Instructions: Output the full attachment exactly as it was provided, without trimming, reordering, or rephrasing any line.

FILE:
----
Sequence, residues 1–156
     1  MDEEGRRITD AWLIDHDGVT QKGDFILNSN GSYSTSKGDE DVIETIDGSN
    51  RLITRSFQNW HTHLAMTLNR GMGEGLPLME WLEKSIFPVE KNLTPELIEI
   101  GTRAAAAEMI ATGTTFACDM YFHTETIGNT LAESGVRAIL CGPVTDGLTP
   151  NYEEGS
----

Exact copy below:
Sequence, residues 1–156
     1  MDEEGRRITD AWLIDHDGVT QKGDFILNSN GSYSTSKGDE DVIETIDGSN
    51  RLITRSFQNW HTHLAMTLNR GMGEGLPLME WLEKSIFPVE KNLTPELIEI
   101  GTRAAAAEMI ATGTTFACDM YFHTETIGNT LAESGVRAIL CGPVTDGLTP
   151  NYEEGS